It’s not a cheap phone either: it’s £529 for a SIM free version ($599, around AU$680) and free on a £30 to £35 a month contract in the UK – meaning it’s up there with the iPhones, HTC and Samsung phones of the world.
I’m confident in saying this is the best phone BlackBerry has yet produced, hands down. There’s serious processing power, copious amounts of storage, a decent camera, plenty of connectivity, useful software features and an HD screen.
What I’m also confident in saying is that there’s no way this is going to supplant a regular smartphone like the HTC One M8, Samsung Galaxy Alpha or iPhone 6 as your main device. At best, it’ll be a secondary, work-focused piece of tech that’ll be relegated to a specific set of tasks.
BlackBerry has succeeded in doing something different and producing a new device that sums up everything it is as a brand. That is a brilliant thing, and to those that feel this is aimed at them (medical professionals, entrepreneurs, the email-obsessed) then it should be up there as one of the first phones you consider.
But for everyone else, this is unashamedly a productivity-centric machine that’ll let you take your work around with you. What it’s not is the market’s best new smartphone. Read the full BlackBerry Passport review on TechRadar.
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Samsung Galaxy Alpha review
The Samsung Galaxy Alpha is a 4.7-inch Android phone and more importantly the company’s first ever metal phone. It’s not all metal in the same way that the HTC One M8 or the HTC One Mini 2 are, but it’s a welcome move after a long series of plastic-only phones.
Sitting between the S5 Mini and the Galaxy S5, the Alpha costs the same as the iPhone 6 and clearly comes with ambitions to bite into some of those potential Apple sales. In its own right, this is a great ‘small’ Android phone, but we can’t help feeling disappointed that new look aside it doesn’t offer a great deal more than the larger S5.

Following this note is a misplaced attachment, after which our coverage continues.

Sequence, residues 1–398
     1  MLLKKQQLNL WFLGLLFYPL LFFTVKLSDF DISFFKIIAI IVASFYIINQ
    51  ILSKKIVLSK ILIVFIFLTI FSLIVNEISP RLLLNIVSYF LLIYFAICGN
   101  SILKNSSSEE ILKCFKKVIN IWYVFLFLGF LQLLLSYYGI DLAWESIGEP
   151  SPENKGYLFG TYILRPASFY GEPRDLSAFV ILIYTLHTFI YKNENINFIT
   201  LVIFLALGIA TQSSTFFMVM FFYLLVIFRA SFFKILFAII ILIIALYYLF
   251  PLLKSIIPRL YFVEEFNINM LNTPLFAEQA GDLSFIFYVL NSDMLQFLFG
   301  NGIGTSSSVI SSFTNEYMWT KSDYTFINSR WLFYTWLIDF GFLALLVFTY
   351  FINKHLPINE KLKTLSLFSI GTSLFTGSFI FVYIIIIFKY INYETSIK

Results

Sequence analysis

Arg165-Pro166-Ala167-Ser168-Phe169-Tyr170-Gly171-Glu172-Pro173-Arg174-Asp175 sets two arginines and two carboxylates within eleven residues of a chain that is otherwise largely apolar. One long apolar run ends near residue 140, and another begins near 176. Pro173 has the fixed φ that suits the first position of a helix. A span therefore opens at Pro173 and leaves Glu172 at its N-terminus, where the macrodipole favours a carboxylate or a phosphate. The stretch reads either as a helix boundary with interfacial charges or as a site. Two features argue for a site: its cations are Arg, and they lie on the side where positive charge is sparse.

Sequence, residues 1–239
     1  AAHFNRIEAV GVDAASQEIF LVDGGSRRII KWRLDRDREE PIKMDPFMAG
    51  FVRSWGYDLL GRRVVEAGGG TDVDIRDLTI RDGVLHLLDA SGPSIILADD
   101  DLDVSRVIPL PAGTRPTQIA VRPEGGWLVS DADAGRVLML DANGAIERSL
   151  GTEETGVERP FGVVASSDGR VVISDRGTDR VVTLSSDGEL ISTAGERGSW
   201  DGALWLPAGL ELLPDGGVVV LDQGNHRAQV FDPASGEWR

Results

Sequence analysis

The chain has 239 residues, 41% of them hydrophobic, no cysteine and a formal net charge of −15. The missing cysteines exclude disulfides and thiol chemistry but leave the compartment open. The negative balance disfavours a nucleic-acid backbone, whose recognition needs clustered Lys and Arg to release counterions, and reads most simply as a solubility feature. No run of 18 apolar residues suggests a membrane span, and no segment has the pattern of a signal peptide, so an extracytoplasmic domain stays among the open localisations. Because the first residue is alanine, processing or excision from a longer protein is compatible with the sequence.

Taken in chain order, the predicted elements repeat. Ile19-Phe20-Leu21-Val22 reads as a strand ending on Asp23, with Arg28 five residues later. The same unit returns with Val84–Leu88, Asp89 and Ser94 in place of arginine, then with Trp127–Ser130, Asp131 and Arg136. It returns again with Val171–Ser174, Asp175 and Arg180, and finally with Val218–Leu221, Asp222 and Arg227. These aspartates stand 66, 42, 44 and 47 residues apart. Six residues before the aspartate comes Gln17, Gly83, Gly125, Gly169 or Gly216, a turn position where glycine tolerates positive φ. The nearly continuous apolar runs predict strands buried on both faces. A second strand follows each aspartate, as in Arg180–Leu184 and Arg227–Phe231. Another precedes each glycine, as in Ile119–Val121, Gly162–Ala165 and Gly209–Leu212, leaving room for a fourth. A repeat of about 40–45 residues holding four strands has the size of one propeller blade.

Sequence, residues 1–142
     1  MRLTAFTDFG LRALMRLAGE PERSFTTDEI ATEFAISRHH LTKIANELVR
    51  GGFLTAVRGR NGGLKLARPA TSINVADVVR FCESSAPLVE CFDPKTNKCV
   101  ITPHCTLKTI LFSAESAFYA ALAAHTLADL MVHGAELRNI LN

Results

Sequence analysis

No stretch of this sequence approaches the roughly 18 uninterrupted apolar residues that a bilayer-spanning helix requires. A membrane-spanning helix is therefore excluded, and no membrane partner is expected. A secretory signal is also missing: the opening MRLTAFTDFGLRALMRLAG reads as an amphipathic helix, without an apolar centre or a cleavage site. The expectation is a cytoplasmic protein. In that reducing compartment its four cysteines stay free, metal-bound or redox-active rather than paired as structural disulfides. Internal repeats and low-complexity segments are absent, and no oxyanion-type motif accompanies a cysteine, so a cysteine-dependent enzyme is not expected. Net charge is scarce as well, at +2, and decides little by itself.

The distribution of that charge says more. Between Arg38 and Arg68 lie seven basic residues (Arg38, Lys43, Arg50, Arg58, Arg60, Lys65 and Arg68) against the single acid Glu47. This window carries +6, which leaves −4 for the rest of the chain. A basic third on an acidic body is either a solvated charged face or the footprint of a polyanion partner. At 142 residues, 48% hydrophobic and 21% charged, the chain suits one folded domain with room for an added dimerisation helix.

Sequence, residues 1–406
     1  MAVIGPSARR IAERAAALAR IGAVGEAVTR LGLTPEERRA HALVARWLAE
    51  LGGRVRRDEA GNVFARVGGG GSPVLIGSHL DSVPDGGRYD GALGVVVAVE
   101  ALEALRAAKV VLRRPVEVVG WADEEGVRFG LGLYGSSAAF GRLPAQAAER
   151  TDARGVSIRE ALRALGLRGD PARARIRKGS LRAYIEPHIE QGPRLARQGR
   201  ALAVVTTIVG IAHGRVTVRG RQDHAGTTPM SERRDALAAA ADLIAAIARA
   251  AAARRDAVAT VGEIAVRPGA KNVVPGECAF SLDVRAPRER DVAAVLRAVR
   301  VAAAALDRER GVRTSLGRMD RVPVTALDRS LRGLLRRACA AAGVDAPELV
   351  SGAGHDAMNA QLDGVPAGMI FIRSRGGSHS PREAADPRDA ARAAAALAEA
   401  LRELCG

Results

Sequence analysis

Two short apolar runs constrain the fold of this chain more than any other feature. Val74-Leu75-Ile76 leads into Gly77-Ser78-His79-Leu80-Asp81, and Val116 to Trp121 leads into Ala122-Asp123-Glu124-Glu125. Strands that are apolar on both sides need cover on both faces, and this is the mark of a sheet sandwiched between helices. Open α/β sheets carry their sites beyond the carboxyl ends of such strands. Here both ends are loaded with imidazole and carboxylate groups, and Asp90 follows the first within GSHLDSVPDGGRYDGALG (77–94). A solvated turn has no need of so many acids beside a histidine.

The Samsung Galaxy Alpha is a beautiful-looking phone, it’s just a shame it misses out on some of the S5′s most impressive features. Read the full Samsung Galaxy Alpha review on Trusted Reviews.
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Motorola Moto G (2nd Gen) review
Hang on, another Moto G? Yes, this is the third incarnation of Motorola’s budget handset, not to be confused with the original from last year, or the 4G model.
2014′s take brings a bigger screen, upgraded camera, and dual SIM card slots, though it keeps the same low price of £150 SIM free.
The Moto G isn’t perfect, but for £150 it doesn’t have to be.
What you get for your money is a solid handset that does all the basics you could ask, and a few more besides.
Sure, there’s no 4G, and the camera – though fine for everyday shooting – is still a bit poor.
But when it comes to the bargain bin, the Moto G is definitely near the top of the pile. Read the full Motorola Moto G (2nd Gen) review on uSwitch.
– Check out all the Moto G (2nd Gen) deals on OMIO, today!